The pipeline contains two steps to deploy a VHI service. First, it installs and sets up the VHI models into a VHI Docker image, and it’s pushed into Amazon ECR. Second, a CloudFormation stack is deployed to create an Amazon ECS Fargate service, which uses the latest built Docker image. In AWS CloudFormation, the VHI ECS task definition defines an environment variable for the ETS Network Load Balancer’s DNS name. Therefore, the VHI can bootstrap and point to an ETS service. In the VHI stack, it uses a Network Load Balancer as an integration point for UFT One test integration.

The following code is an example of a ECS Task Definition CloudFormation snippet that creates a VHI service in Amazon ECS Fargate and integrates it with an ETS server:

#...
  VhiTaskDefinition:
    DependsOn:
    - EtsService
    Type: AWS::ECS::TaskDefinition
    Properties:
      Family: systems-test-vhi
      NetworkMode: awsvpc
      RequiresCompatibilities:
        - FARGATE
      ExecutionRoleArn: !Ref FargateEcsTaskExecutionRoleArn
      Cpu: 2048
      Memory: 4096
      ContainerDefinitions:
        - Cpu: 2048
          Name: !Sub "vhi-${AWS::StackName}"
          Memory: 4096
          Environment:
            - Name: esHostName 
              Value: !GetAtt EtsInternalLoadBalancer.DNSName
            - Name: esPort
              Value: 9270
          Image: !Ref "${AWS::AccountId}.dkr.ecr.us-east-1.amazonaws.com/systems-test/vhi:latest"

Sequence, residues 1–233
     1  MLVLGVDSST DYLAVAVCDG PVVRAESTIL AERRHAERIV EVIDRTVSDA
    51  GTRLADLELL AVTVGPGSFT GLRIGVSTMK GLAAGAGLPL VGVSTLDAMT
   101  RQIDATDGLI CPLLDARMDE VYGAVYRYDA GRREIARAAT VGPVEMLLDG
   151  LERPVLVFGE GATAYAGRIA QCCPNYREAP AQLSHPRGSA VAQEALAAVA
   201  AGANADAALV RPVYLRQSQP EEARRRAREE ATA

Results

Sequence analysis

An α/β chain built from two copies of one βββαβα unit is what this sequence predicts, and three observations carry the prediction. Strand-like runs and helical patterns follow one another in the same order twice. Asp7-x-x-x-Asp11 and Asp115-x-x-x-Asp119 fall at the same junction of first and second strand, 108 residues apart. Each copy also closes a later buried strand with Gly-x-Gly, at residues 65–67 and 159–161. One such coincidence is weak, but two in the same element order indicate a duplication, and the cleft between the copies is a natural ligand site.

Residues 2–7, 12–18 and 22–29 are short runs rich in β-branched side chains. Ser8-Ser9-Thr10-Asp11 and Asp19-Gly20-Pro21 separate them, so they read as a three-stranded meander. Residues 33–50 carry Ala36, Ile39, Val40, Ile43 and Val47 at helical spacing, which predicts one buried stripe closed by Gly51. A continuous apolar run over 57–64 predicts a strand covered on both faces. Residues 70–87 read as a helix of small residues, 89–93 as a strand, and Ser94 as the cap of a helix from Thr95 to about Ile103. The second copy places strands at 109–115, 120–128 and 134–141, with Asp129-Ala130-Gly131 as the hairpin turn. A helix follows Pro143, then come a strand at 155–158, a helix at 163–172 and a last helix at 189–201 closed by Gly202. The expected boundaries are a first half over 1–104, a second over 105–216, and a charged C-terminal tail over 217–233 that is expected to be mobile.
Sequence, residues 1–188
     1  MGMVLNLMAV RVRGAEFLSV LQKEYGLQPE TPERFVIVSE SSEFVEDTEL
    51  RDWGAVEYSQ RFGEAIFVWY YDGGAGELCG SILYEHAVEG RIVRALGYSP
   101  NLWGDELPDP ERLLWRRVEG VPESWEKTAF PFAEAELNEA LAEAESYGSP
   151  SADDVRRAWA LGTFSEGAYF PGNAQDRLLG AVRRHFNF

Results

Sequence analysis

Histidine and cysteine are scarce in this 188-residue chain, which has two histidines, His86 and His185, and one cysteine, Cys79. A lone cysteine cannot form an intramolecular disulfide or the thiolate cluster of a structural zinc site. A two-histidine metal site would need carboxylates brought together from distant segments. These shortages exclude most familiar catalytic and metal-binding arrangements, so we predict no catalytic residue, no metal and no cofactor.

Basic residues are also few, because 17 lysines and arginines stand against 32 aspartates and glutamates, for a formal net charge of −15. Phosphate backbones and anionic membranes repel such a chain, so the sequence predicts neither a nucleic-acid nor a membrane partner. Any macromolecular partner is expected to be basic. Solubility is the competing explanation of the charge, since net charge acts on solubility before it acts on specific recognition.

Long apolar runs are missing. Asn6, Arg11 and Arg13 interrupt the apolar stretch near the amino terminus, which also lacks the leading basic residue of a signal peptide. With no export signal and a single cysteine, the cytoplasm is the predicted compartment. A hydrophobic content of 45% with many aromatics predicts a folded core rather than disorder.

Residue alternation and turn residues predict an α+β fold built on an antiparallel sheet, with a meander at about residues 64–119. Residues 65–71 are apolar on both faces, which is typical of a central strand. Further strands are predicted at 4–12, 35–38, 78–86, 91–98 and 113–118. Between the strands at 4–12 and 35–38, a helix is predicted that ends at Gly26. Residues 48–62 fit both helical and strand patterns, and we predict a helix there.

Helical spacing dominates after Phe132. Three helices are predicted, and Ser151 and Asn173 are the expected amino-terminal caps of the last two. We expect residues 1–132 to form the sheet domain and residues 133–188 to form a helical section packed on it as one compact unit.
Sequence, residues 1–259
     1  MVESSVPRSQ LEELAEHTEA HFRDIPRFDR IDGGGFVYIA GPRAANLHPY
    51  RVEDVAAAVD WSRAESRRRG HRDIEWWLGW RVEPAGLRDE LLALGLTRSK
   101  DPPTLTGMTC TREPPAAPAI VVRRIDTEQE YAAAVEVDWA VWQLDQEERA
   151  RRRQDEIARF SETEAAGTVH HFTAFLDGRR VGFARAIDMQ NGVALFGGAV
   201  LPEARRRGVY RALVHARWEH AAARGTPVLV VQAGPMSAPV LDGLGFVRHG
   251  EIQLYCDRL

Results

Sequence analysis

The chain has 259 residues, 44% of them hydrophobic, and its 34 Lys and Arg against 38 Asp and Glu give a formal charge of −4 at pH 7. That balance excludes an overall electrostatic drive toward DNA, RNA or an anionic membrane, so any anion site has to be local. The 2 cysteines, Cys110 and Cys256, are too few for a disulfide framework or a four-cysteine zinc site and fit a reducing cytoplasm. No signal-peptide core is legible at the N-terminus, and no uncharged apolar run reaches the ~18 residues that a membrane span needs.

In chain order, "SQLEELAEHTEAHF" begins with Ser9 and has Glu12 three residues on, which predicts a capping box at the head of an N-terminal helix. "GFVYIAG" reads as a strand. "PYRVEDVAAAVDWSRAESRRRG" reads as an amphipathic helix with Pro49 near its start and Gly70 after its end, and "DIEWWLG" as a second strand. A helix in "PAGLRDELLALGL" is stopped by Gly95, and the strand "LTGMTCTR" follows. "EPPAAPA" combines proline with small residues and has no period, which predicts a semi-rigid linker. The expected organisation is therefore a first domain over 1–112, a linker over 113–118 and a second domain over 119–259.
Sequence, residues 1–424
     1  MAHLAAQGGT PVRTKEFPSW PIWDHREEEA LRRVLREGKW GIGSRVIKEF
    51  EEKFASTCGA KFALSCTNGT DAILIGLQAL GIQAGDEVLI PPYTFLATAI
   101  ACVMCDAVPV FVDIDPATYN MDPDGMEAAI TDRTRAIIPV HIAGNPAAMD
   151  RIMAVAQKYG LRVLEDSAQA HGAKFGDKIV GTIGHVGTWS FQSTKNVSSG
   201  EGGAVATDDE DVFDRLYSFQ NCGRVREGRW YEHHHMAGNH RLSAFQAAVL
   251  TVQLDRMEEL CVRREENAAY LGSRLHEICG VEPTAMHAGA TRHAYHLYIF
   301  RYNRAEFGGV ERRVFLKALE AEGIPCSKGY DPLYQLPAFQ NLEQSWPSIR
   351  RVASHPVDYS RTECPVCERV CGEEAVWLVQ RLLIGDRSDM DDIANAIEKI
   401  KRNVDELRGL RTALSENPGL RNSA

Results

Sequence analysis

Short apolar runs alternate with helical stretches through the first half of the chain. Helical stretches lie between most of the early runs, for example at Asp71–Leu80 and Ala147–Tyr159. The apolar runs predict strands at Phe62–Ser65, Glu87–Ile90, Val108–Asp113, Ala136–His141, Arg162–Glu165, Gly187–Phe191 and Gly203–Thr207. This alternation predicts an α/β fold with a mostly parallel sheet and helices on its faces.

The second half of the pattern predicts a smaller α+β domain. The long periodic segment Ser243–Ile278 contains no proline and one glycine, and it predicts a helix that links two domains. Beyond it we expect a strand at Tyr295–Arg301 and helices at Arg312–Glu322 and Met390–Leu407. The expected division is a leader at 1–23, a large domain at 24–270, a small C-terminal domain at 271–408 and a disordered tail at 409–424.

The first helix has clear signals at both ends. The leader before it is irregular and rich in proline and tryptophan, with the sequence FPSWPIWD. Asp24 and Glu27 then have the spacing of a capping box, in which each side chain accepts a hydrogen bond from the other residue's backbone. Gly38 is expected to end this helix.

PortMappings:
            - ContainerPort: 9680
          LogConfiguration:
            LogDriver: awslogs
            Options:
              awslogs-group: !Ref 'SystemsTestLogGroup'
              awslogs-region: !Ref 'AWS::Region'
              awslogs-stream-prefix: vhi

#...

Deploying UFT One Tests

UFT One is a test client that uses each of the web services created by the VHI designer to orchestrate running each of the associated business functions. Parameter data is supplied to each function, and validations are configured against the data returned. Multiple test suites are configured with different business functions with the associated data.

The following screenshot shows the test suite API_Bankdemo3, which is used in this regression test process.

the screenshot shows the test suite API_Bankdemo3 in UFT One test setup console, the API setup for getCheckingDetails

Figure – API_Bankdemo3 in UFT One Test Editor Console

For more information, see the UFT One website.

Integrating UFT One and testing the application